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M. D. CHALMERS, C.S.I.,
ASSISTANT PARLIAMENTARY COUNSEL TO THE TREASURY
OF THE INNER TEMPLE, BARRISTER-AT-LAW, SECRETARY OF THE ALLIANCE MARINE AND GENERAL ASSURANCE CO., LTD.
WILLIAM CLOWES AND SONS, LIMITED,
27, FLEET STREET.
THE large type propositions of this Digest are taken, with a few slight corrections, and with the necessary verbal alterations (such as the substitution of the indicative for the imperative), from the clauses of the Marine Insurance Bill, which was introduced in the House of Lords in 1894, 1895, 1896, and 1899.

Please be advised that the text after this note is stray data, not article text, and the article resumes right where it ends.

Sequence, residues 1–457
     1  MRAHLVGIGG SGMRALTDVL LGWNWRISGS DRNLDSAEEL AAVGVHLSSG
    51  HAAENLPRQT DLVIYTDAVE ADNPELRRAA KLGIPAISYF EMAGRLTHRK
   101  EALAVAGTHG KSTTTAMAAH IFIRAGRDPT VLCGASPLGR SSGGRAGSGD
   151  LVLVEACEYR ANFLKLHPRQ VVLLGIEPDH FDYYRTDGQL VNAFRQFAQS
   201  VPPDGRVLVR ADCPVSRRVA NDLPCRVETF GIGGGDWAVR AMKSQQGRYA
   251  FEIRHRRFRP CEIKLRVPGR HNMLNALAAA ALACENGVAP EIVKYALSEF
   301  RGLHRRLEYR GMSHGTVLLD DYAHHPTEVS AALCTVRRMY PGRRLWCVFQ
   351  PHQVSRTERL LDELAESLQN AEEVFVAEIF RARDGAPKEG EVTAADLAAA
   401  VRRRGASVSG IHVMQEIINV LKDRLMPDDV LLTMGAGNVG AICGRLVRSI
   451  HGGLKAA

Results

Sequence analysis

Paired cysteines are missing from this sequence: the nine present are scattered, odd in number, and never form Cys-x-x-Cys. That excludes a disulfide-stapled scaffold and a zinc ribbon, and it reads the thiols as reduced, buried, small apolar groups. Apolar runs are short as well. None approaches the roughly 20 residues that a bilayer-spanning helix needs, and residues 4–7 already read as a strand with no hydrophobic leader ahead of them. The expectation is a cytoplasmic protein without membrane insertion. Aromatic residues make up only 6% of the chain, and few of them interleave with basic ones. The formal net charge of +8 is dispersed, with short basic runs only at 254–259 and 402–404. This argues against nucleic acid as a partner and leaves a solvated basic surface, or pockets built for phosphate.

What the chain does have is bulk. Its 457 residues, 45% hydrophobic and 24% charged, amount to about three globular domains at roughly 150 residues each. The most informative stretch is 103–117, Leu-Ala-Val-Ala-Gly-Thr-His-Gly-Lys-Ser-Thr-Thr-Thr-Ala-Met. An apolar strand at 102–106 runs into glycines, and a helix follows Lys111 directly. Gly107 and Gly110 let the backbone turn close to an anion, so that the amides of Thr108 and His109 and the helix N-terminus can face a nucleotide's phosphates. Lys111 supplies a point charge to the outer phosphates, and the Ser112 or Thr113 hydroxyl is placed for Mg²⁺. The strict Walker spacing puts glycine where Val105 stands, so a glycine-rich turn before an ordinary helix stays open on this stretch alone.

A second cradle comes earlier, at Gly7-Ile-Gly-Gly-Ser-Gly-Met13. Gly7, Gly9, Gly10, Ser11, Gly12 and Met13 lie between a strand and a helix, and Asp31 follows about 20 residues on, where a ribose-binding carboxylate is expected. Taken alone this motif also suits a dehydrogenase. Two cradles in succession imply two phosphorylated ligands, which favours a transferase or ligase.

The object of that Bill was to reproduce as exactly as possible the existing law, without making any attempt to amend it. Lord Herschell, who originally took charge of the Bill, was strongly of opinion that a codifying Bill, in its inception, ought to be a mere reproduction of existing law. If amendments in the law are made in the initial stage, the whole Bill becomes controversial. Any amendment which seems desirable should be deliberately inserted by the Legislature when the Bill is under consideration. In some instances, of course, the Bill has to deal with questions where the law is unsettled, and the framers of the Bill must decide what they believe the law to be. In the Digest, propositions which appear to be unsettled law are included in square brackets, and the doubt is dealt with in the notes. Again, in one or two instances the Lords Select Committee which partially examined the Bill introduced some small amendment in the law. In those cases the